Isabel’s charmed life continues with only a few hiccups. A new baby, Magnus, has arrived, but Grace and Jamie are so ever-present that she still continues to volunteer at her niece’s shop on top of managing the review and helping other people. Occasionally she recalls her children when out and about, but only to ring Grace and confirm that she will be a little longer.
Obviously though she does love her family, and occasionally listens to Jamie when he offers advice, but more often, blunders on obliviously getting herself into dreadful pickles. But of course in her side of Edinburgh everyone is very nice and understanding, so by the end of the book no harm has been done.
McCall Smith has obviously written himself into a bit of a loop here: unable to give Isabel’s tale a decent ending he is just dragging it out into repetitive books. They no longer stand up to rereading, but are worth picking up from the library in hope of improvement.
This is another case of the library service’s initiatives doing what they aimed to – the little lad is doing the summer reading scheme at the library, and one “stamp” is to borrow an audiobook. So we went on the library’s audiobook download site, to find him a story, and I found an Isabel Dalhousie novella on the front page.
I was very impressed with how easy it was to borrow, download, and move to my music player (in MP3 format). This left me to listen at my own pace during train journeys.
This is just a novella, coming in at under 2 hours, so even shorter than the usual Alexander McCall Smith fare. But Isabel still undergoes some character development, and it places a new lens on her, as she confronts her own expectations, and considers how to handle friendships. She is required to confront her own nature, with and without Jamie’s support.
Resolutions were aspirational, Isabel knew, honesty required one to acknowledge that.
And of course, some poetry is interwoven throughout, and the neatness of the opening and ending being tied together with the same metaphor is one I appreciated.
Having enjoyed this, I have another McCall Smith novella, along with another audiobook reserved through the library service.
There is not much to say about this – it’s a Sunday Morning Philosopher’s Club novel, where Isabel Dalhousie is compelled to help someone with a problem in their life, and moves on slightly in her personal life. Nevertheless, I still love it.
It’s a nice cozy read, about a world where Isabel’s life is blessed, and she is grateful for this. And there are the cultural references, as she navigates a world of literature, art and music.
I have been neglecting my favourite fictional philosopher of late, so decided to pick up the latest two Isabel Dalhousie novels. They were exactly what I expeted from them, lightweight looks at Edinburgh social life, littered with Isabel’s internal philosphical debates and cultural references.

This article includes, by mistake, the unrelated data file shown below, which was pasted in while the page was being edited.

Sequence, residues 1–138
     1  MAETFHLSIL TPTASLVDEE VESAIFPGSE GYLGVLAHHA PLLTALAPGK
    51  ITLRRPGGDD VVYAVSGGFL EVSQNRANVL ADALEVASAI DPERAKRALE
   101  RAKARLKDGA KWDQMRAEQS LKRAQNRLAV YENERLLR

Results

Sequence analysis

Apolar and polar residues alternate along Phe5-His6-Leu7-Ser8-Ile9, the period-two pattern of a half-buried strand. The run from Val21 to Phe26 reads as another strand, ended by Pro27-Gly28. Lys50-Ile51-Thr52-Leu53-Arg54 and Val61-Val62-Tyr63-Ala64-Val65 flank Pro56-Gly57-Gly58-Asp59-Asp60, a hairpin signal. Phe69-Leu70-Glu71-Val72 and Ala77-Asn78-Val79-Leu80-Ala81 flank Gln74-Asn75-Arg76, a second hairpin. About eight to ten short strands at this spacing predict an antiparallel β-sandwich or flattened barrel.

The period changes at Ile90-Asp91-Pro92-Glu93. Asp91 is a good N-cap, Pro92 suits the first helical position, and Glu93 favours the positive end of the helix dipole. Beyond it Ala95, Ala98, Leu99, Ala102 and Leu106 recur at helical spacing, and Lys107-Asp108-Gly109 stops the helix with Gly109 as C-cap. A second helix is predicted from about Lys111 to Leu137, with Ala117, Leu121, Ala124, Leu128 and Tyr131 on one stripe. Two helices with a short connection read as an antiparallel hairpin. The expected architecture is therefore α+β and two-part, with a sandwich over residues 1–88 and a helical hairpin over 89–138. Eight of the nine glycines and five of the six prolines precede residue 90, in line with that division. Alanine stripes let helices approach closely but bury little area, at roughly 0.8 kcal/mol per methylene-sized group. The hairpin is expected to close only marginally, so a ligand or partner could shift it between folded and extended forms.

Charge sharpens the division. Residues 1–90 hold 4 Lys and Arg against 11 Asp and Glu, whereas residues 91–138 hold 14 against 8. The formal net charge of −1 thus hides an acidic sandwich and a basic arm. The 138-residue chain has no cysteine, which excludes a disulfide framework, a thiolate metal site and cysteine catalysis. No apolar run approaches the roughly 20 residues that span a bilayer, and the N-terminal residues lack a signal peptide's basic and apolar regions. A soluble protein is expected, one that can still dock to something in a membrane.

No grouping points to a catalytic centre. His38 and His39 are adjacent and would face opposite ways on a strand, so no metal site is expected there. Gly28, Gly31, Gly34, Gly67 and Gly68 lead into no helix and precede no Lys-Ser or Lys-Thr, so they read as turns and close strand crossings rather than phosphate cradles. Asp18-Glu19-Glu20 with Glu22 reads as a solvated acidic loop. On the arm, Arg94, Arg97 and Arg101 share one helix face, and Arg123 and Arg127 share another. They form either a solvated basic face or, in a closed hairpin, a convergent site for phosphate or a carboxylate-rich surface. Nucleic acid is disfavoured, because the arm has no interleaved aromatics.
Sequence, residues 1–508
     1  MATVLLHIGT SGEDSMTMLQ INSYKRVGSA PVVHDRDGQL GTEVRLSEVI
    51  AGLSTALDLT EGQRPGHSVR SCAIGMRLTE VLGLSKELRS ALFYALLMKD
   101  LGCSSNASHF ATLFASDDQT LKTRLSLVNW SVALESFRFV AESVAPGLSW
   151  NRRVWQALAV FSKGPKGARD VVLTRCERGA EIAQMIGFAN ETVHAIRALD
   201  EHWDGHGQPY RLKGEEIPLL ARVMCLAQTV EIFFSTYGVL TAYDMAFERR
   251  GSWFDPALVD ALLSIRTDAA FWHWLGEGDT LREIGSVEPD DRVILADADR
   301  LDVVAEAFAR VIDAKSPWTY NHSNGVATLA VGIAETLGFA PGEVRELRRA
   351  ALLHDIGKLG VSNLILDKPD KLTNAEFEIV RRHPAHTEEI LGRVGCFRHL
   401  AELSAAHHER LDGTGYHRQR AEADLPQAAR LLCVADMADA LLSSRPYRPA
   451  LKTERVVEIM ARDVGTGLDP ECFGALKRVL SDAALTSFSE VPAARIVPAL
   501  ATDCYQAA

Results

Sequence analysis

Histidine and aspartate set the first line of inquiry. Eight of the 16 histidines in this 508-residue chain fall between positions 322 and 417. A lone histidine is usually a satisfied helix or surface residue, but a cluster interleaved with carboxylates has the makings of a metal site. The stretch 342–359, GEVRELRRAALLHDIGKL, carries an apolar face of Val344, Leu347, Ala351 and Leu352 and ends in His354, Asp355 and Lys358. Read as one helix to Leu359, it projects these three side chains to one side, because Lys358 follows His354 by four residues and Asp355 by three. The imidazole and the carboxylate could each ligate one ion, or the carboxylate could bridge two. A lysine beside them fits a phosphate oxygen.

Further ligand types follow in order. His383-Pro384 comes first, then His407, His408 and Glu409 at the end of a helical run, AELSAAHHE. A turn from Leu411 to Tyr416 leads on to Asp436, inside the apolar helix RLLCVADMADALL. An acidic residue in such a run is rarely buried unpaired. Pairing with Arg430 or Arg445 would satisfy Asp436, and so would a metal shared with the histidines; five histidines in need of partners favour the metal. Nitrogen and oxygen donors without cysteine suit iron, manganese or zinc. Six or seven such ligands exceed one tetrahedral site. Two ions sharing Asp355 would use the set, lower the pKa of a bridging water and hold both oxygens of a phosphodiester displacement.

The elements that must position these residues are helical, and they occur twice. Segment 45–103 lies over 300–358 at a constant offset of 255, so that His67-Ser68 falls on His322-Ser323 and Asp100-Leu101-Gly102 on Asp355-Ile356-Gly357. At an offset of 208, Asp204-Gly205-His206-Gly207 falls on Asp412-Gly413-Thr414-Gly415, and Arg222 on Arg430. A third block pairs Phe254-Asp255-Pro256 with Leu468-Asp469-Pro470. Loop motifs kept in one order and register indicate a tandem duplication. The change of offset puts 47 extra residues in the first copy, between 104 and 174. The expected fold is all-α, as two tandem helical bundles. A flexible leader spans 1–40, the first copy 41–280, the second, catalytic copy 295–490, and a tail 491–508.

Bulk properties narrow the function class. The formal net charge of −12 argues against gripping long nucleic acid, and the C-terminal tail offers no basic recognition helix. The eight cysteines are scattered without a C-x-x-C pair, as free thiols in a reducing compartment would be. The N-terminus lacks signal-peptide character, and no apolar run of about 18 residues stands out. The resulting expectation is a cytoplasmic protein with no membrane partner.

In some ways her life never changes, even as she negotiates her relationship with Jamie and her niece, and little Charlie grows up. Of course I don’t want her to change too much, her blessed life is the escapism that this series offers.
AMS is an astoundingly prolific author, especially given he only came to writing novels post “retirement” and this is definitely my favourite of his series.
Alexander McCall Smith’s books are a bit of a guilty pleasure for me, the perfect thing to read whilst having a cup of tea on a lazy Sunday afternoon. I now preorder all of them as I finish each one, so get the delight of a surprise book in the post months after ordering.
Isabel Dalhousie lives in an idealised version of upper middle class Edinburgh, where everyone always knows everyone else. A moral philosopher, she spends much of her time worrying about what the right thought and action is in every situation and endevours to follow this. The internal monologue which results from this makes for a very pleasant read.
As in the Number One Ladies Detective Agency, the heroine finds herself unraveling the problems of the community, usually when they have come to her seeking help in resolving them. Isabel spends a lot of her time trying to get to the truth of tangle situations and half-truths, and generally discovers a perfectly reasonable and mundane answer to what she has built up to be a very suspicious set of circumstances. There are a lot of coincidences in these books, but in The Charming Quirks of Others, like the full series, this seems reasonable given a small intellectual community who reside in Edinburgh, sharing common history, schooling and acquaintances.
If you are happy to accept the intellectual community of Edinburgh as a well-connected village then this is a very entertaining and soothing series to read.